You know what would be awesome? Warhawk, only in space. And we can name it after one of the most notable figures of the Neopagan movement! I can just imagine the game reviews now.
Starhawk the game (some would say unfortunately) has nothing to do with Neopaganism or ecofeminism. Instead, it’s about a bunch of people getting together in space, building strategic space defences and waging space war. I guess on a fundamental level it’s pretty much the same thing.
The assembled video game reviewers of the internet decided to focus on the merits of Starhawk as interactive entertainment instead of its significance of “The Spiral Dance” in modern Pagan culture. Otherwise the scores would have been uniformly higher. Let’s take a look.
Plenty of recent games have proven that the third-person-combined-with-tower-defense genre can be successful. Given the right room to breathe, these games provide a layer of interesting and even fun strategic possibilities not present in standard third-person games. Unfortunately, many decisions in Starhawk feel like they hinder the potential depth of these mechanics. Starhawk could be a masterful game but reveals itself to be middling at best.
Starhawk tumbles almost right away, with a campaign that falls prey to the cliches of the “bot scenario as ‘level’.” While Starhawk gestures in the direction of a story, moments of exposition feel more like the trailer for a story than actual plot. Main character Emmett is a jerk with baggage, but Lightbox does little to develop him outside of some broad strokes regarding family, revenge, and, well, quotas, or something.
The world is never fleshed out beyond its basic premise: on the interstellar frontier, everyone harvests “rift energy.” Rift energy is worth a fortune, but has an unfortunate side effect: it sometimes turns people into mutant “Outcasts.” The gold-rush-styled Rifters are determined to stake their rift energy claims and defend themselves against outcasts, and the Cowboys-and-Indians (meaning Native Americans) motif is complete.
Most levels require a healthy mix of on-foot shootouts, land and air-based vehicular combat, and strategy-oriented base building. I was impressed by how easy it is to switch between these gameplay styles; you might gun down a squad of enemies, build a few auto turrets and walls for defence, and then jump into a Starhawk for an impromptu dogfight all in a matter of minutes. While I had fun creating choke points and mowing down rows of mindless foes with auto turrets, some missions drag on far too long (including the final, ridiculously drawn-out boss battle), and I ran into a few frustrating checkpoints. Throw in some cheaply made animated cutscenes, forgettable characters, and dumb AI, and I was happy to move onto multiplayer by the time the credits rolled.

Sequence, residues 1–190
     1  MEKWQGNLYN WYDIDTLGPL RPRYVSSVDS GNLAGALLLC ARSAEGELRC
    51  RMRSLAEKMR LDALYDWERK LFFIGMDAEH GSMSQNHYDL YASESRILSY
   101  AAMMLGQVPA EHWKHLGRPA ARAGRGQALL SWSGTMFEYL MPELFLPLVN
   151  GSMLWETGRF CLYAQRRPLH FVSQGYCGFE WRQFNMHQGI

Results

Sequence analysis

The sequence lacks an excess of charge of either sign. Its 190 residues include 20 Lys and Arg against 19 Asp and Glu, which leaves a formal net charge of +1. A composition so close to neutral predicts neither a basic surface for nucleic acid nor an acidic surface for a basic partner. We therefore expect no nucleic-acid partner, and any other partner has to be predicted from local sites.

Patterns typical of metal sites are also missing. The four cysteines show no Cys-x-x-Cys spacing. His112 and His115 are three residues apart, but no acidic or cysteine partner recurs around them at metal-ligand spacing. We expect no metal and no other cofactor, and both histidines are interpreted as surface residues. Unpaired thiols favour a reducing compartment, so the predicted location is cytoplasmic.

Capture the flag, deathmatch, team deathmatch, and Zones (which has teams capture points on the map to build their team score) make up Stahawk’s multiplayer modes. The added RTS gameplay mechanics make multiplayer much deeper than it was in Warhawk. Rather than find weapons, ammo, and vehicles scattered around the map, players will have to build structures that spawn these upgrades. Defensive walls and turrets can also be constructed, which comes in handy for protecting the team flag and creating choke points. This also makes teamwork all the more important when going up against a well organised opposing team. Communication and strategy is almost essential to getting a win, since plenty of time and resources can be wasted if everyone on a team ends up building the same structures. Killing enemies and performing accolades like landing a drop pod on an enemy’s head earn experience points, which can be used to unlock character skins and passive skills.
Starhawk has some of the best multiplayer on PlayStation 3. Our experience was quite smooth. In 32-player multiplayer, you’ll get capture the flag, deathmatch and team deathmatch, and a capture mode called Zones. You’ll fall into battle in pods, and you can control them in free fall in the hopes of destroying an enemy. The third-person shooter mechanics work extremely well, and if you’ve played one in the recent history, you’ll feel right at home. The guns feel futuristic, grenades do plenty of damage, and you aren’t completely frail. The RTS elements of the Starhawk make the game something worth obsessing over.
Like its protagonist, Starhawk is a half-breed, something out of the ordinary and against tradition. It picks up the narrative slack on the battlefield, where a simple strategy system is an inspiring spin on the third-person shooter. This hybrid form of thinking and shooting has a layered depth that comes completely to life in multiplayer, where building a fortress to protect a flag is as fun as flying headlong into the enemy’s HQ. Combining these gameplay elements seems so obvious that, in hindsight, it’s a wonder it’s taken this long to take off. The defining factors of Starhawk will, in all likelihood, garner a strong community to support it for years. Deservedly so: This is multiplayer at its finest, and it’s among the best you’ll find on any platform.
Well it’s certainly the shiniest hawk I’ve ever seen.